Just when you think you're playing a fairly traditional puzzle-solving adventure, along comes a ghost-detection mechanic that also unlocks a top-down, tile-based minigame, and when it seems like that's the last trick the game has up its sleeve, you’re confronted with a rhythm-based matching sequence where you play guitar to open arcane seals. There's a segment that mimics a side-scroller, a bit of beat-em-up-style combat, a stealth sequence, and on and on, all leading to a reality-bending final chapter so elaborately and audaciously staged that I couldn’t help exclaiming “Oh, no way!” when it arrived. Most impressively, none of these sequences ever feel like they’re just there for novelty’s sake or because the developer wanted to show off; they all feel like organic parts of Sal’s story, and having played through I can’t imagine the game working without them. (It’s possible to die in a few of these segments, but in each case you’re immediately zapped back to when they started.)
None of which is to say that Sally Face isn’t still an adventure game at its core. For the majority of its approximately 15-hour playtime you’ll travel from room to room, collecting inventory items and talking to other characters while you piece together puzzle solutions; there are more of the inventory- and dialogue-based variety than of the “find the symbol corresponding to the power chord that will blow up the tentacle beast’s eye” type. A few puzzles don’t work as well as others: there’s one involving a clock whose solution I simply had to look up, and which I still don’t understand even with the answer in hand, and there’s a tedious maze sequence that—as near as I can tell—one solves simply by wandering around until you don’t have to anymore. Apart from those, however, the obstacles are generally well-integrated.
For the most part the keyboard or gamepad controls are simple. They’ll change in some of the wilder sequences but the game will tell you what’s different when they do. Most of the time the screen lacks a Y-axis, so you’ll only ever move left and right, and a single button allows you to interact with hotspots when prompted by the object line. A second opens the inventory, and examining the items you’ve acquired will bring up a description (and, if next to a relevant hotspot, a prompt to use the object in the environment.)
Unfortunately—and at times quite frustratingly—some hotspots are never identified as such, meaning important objects often appear as simple window dressing until you press Interact when standing next to them (as I only discovered when I’d exhausted every other idea that occurred to me while searching for a particular item). No rationale is provided for this, and I couldn’t find any rhyme or reason as to which objects were deserving of identification and which weren’t. Interacting with innocuous-looking background details makes sense as a method for unlocking secrets—and that’s how you’ll find quite a few of them—but this same issue cropped up in a number of unskippable puzzles. You’ll get into the habit of pressing the interact button without prompting once you realize that doing so is necessary to progress, but it still feels like an artificial attempt to make the game seem more challenging.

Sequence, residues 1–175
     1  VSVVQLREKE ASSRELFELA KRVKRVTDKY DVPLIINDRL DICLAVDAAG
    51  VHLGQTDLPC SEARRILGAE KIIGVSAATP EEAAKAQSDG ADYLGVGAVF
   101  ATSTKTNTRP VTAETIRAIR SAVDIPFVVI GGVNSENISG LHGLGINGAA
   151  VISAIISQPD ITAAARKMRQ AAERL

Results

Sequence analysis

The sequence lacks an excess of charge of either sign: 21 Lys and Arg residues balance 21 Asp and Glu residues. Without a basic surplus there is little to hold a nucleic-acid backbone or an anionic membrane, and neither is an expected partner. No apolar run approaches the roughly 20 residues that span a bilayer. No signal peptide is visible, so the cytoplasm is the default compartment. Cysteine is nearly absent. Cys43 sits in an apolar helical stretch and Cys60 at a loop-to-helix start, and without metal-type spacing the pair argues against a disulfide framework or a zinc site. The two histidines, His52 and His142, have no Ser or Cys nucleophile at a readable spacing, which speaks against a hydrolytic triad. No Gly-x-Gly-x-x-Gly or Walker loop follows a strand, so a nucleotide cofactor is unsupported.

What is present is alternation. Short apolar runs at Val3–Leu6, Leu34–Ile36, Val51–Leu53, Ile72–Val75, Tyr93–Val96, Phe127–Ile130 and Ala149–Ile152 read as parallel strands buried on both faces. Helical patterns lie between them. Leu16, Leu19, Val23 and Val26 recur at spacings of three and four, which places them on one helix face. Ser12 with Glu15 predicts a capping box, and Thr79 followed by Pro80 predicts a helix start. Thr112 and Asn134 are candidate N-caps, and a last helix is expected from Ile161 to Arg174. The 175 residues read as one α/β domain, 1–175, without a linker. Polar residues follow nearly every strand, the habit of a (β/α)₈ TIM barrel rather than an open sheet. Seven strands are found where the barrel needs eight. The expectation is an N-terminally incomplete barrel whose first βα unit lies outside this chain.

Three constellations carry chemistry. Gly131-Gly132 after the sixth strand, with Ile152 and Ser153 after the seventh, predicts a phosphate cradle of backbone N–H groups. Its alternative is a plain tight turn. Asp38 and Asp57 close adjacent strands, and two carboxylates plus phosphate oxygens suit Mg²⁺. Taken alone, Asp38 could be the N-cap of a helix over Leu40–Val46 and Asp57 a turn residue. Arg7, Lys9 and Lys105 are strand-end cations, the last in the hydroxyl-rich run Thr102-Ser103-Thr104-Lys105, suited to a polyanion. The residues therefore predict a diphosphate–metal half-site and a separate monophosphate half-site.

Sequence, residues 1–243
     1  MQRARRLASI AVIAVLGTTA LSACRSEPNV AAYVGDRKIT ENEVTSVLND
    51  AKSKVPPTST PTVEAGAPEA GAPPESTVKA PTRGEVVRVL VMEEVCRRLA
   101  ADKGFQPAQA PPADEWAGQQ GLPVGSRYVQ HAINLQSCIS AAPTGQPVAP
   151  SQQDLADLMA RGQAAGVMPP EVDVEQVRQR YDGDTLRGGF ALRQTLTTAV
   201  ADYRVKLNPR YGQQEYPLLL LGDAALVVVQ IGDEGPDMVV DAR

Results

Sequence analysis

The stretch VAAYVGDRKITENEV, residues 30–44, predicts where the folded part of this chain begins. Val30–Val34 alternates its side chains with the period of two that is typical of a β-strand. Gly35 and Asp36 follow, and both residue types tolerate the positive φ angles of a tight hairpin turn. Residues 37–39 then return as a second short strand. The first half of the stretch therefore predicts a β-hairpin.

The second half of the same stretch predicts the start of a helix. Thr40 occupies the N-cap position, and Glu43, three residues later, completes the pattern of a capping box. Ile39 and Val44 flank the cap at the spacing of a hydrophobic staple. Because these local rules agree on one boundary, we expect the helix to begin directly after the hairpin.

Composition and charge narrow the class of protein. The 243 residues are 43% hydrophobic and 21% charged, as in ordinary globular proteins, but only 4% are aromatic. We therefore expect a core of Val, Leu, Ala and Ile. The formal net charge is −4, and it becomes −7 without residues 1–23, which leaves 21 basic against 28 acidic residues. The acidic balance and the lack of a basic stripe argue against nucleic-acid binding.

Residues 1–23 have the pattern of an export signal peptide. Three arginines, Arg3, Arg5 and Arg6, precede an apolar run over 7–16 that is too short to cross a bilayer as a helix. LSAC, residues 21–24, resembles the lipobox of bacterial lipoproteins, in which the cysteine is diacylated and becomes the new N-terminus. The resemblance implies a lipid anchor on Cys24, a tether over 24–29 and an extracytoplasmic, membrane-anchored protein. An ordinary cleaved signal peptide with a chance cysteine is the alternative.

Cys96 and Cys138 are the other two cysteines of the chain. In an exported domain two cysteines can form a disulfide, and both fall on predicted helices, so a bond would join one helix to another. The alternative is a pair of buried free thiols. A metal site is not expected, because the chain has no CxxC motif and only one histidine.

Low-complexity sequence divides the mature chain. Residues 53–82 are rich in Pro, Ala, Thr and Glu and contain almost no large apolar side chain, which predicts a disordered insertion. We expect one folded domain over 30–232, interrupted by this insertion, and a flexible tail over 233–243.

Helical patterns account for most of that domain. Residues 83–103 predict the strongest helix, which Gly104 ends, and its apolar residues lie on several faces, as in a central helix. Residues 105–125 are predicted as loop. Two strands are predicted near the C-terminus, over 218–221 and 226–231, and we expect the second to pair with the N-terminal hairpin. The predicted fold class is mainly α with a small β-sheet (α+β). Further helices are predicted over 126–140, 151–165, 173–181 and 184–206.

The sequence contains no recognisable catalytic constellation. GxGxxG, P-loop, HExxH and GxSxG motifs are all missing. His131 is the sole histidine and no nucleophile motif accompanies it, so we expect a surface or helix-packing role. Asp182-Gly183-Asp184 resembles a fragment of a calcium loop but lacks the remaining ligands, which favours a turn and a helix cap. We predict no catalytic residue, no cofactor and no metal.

The vast and vibrant world is Sally Face’s greatest strength, as just about every individual aspect of its presentation works to make Nockfell feel alive. The hand-drawn visual style, with its fuzzy, fluctuating lines and colored-pencil shading, makes you feel as if you’ve been transported into the world of a talented metalhead’s classroom doodles. This somewhat simple appearance belies a surprising amount of versatility, and the animation features some wonderfully gruesome flourishes, like the ghosts who appear one layer at a time—first blood, then meat, then skin. The aesthetic frequently changes when the gameplay does, as with the pixelated greyscale graphics on Sal’s “Gear Boy” game system. (The biggest visual surprises are saved for the end, and I wouldn’t spoil those for the world.)
The soundtrack, too, shows a great deal of range, varying from ominous synth in dream sequences, to early-2000s-flavored electric guitar in the halls of the Addison building, to headbanging metal tracks when Sal and Larry hang out. It perfectly captures the paradoxical blend of melancholy, longing and up-tempo enthusiasm playing on constant repeat in a teenage dreamer's head. The script similarly acknowledges what it feels like to be a young person looking for their place in a scary, hostile world, and how wonderfully transformative it can be for a lonely kid to finally find people who understand them. Despite its macabre trappings, the prevailing attitude throughout the game is one of compassion, even for some of its ostensible villains.
There are moments, however, when it feels like the understanding, no-judgements-here tone stretches a bit too far, as when an otherwise-sympathetic character justifies a series of incredibly shocking acts by arguing that the supernatural consequences of doing otherwise would have been much worse. This may be entirely correct within the context of the game, of course, but it seems like the action moves on far too quickly afterward, with the “right” and “wrong” of the situation treated immediately as given. The writing doesn’t do nearly enough work to show the player why what just happened was necessary, and for me the game wobbled a bit afterward as I tried to regain my equilibrium. (It should be noted that Sally Face includes a great deal of graphic violence, including numerous murders, very detailed depictions of cannibalism, and more than one on-screen suicide. It might be about kids, but it's definitely not for them.)
It's hard to know where to stop when talking about Sally Face. There will always be more to say, just as there's always more to find in Nockfell. Incredibly, everything in the game—visuals, soundtrack, writing, programming—is the work of a single person, developer Steve Gabry. The result is an intensely personal vision, one that I doubt could be replicated or even approached by a AAA studio with unlimited budget. Much like Sal himself, it's creative, inventive, and unafraid to fly in the face of what people expect if that means being true to itself. There's really nothing else like Sally Face. It isn't perfect, but make no mistake—it's an experience you'll never, ever forget.